“By allowing Israeli institutions to function as normal, we stand to condone the violent actions of the State”, is the poignant observation of Talya Lubinsky.
Writing on behalf of South African Jews for a Free Palestine (SAJFP), a civil society organization that is part of this country’s host of solidarity movements for Palestine, Lubinsky makes a compelling case to boycott Israel’s academic institutions.
And she is clear on one specific point: the call to the University of Cape Town (UCT) to adopt a boycott of Israel’s academic institutions is not anti-Semitic.
Disputing the false notion purveyed by Israel’s pressure groups in South Africa, which seeks to discredit and malign such boycott campaigns as anti-Semitic, Lubinsky doesn’t mince her words.
While conceding that Universities are platforms for the exchange of ideas in the pursuit of learning and producing knowledge, it doesn’t necessarily mean that such debates are isolated from contemporary political and social challenges.
Lubinsky explains that state funded academic institutions form part of the power wielded by governments. Therefore to boycott institutions of inherently unjust states is to challenge their oppressive systems.
The case of Israel is no different. It’s academic institutions are key components of the scaffolding which props up Israel’s regime of occupation, colonialism and apartheid. Thus to boycott such props or to call upon universities such as UCT to disengage from these is not only necessary but an imperative.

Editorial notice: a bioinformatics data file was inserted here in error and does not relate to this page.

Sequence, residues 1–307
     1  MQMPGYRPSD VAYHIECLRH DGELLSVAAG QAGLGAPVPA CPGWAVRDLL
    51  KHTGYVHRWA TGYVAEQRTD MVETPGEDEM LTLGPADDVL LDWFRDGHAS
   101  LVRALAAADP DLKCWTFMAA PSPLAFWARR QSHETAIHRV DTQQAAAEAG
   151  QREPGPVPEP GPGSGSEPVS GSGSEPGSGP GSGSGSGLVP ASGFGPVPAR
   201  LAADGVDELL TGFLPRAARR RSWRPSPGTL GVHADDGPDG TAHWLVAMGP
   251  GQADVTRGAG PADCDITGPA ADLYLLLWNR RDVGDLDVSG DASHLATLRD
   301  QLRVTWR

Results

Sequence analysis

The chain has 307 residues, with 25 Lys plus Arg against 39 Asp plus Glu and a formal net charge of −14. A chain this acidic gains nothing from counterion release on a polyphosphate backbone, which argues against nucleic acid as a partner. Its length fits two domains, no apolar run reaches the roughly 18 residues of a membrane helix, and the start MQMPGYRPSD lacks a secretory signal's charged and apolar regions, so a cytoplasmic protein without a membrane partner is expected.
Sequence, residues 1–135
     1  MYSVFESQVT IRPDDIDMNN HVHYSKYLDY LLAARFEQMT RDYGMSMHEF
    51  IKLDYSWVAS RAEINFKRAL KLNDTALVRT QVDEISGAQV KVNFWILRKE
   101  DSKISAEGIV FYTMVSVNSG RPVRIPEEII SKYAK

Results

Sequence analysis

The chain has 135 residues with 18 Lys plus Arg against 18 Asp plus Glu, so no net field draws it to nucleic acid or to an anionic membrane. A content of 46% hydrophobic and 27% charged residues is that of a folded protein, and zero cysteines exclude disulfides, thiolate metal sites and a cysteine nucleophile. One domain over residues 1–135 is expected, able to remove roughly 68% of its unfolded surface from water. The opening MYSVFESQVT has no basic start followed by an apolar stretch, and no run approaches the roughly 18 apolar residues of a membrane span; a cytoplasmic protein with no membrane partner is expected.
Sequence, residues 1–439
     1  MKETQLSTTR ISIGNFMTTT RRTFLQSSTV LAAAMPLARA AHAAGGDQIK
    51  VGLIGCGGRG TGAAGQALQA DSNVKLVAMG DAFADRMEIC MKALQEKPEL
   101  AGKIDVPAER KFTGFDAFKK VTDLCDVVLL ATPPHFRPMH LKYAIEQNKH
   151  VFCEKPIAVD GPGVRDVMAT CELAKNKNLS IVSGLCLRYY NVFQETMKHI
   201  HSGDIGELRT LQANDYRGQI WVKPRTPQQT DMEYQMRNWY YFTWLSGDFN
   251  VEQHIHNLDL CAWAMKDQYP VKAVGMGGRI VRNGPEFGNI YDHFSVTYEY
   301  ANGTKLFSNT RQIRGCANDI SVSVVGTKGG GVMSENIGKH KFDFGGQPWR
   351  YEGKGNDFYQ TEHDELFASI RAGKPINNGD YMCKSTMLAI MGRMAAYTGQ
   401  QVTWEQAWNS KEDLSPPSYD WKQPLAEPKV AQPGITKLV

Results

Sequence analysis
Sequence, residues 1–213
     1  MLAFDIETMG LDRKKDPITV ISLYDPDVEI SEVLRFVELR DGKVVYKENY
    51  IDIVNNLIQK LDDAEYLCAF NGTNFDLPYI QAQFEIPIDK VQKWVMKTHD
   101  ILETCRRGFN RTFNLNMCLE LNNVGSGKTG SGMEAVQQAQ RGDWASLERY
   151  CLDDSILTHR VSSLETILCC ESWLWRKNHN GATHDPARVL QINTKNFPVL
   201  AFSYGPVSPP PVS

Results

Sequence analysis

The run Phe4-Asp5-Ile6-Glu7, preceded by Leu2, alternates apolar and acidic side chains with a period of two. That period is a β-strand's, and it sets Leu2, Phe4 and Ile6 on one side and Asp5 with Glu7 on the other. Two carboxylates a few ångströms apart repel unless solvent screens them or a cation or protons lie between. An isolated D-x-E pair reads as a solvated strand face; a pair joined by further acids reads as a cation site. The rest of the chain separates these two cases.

It is no exaggeration to state that since Israel’s colonial imposition, its academics have by and large underpinned the regime’s hegemonic political-military establishment.
Lubinsky correctly asserts that notwithstanding the efforts of a handful of principled academics, the rest are implicated in supporting and perpetuating Israel’s systematic denial of Palestinian rights.
And to nullify deceitful allegations of anti-Semitism, she reminds us of an important fact: the call is not to boycott individual academics purely because they were born in Israel; it is aimed at all institutions functioning under the official governance of the state.
It is thus not surprising that the BDS (Boycott Divestment Sanctions) movement, including PACBI (Palestinian Campaign for the Academic and Cultural Boycott of Israel), rejects on principle boycotts of individuals based on their identity (such as citizenship, race, gender, or religion) or opinion.
However – here follows a big BUT – if an individual is representing the Israeli regime or a complicit Israeli institution (such as a dean, rector, or president), or is commissioned/recruited to participate in Israel’s efforts to “rebrand” itself, then her/his activities are subject to the institutional boycott the BDS is calling for.
Lubinsky’s compelling argument and well-reasoned case is sufficient grounds for the UCT to heed the call to boycott Israeli institutions. It doesn’t need to fear or be intimidated by smear campaigns.
We are all familiar with such hateful slander which Lubinsky insists must not silence us: “The conflation of anti-Zionism with anti-Semitism is all too often invoked by the South African Jewish community to silence anti-Zionist protest”.
Her plea to the Jewish community to see the campaign as an opportunity to stand up against human rights abuses, is equally powerful.
“By allowing Israeli institutions to function as normal, we stand to condone the violent actions of the state”.
Exec Member: Media Review Network
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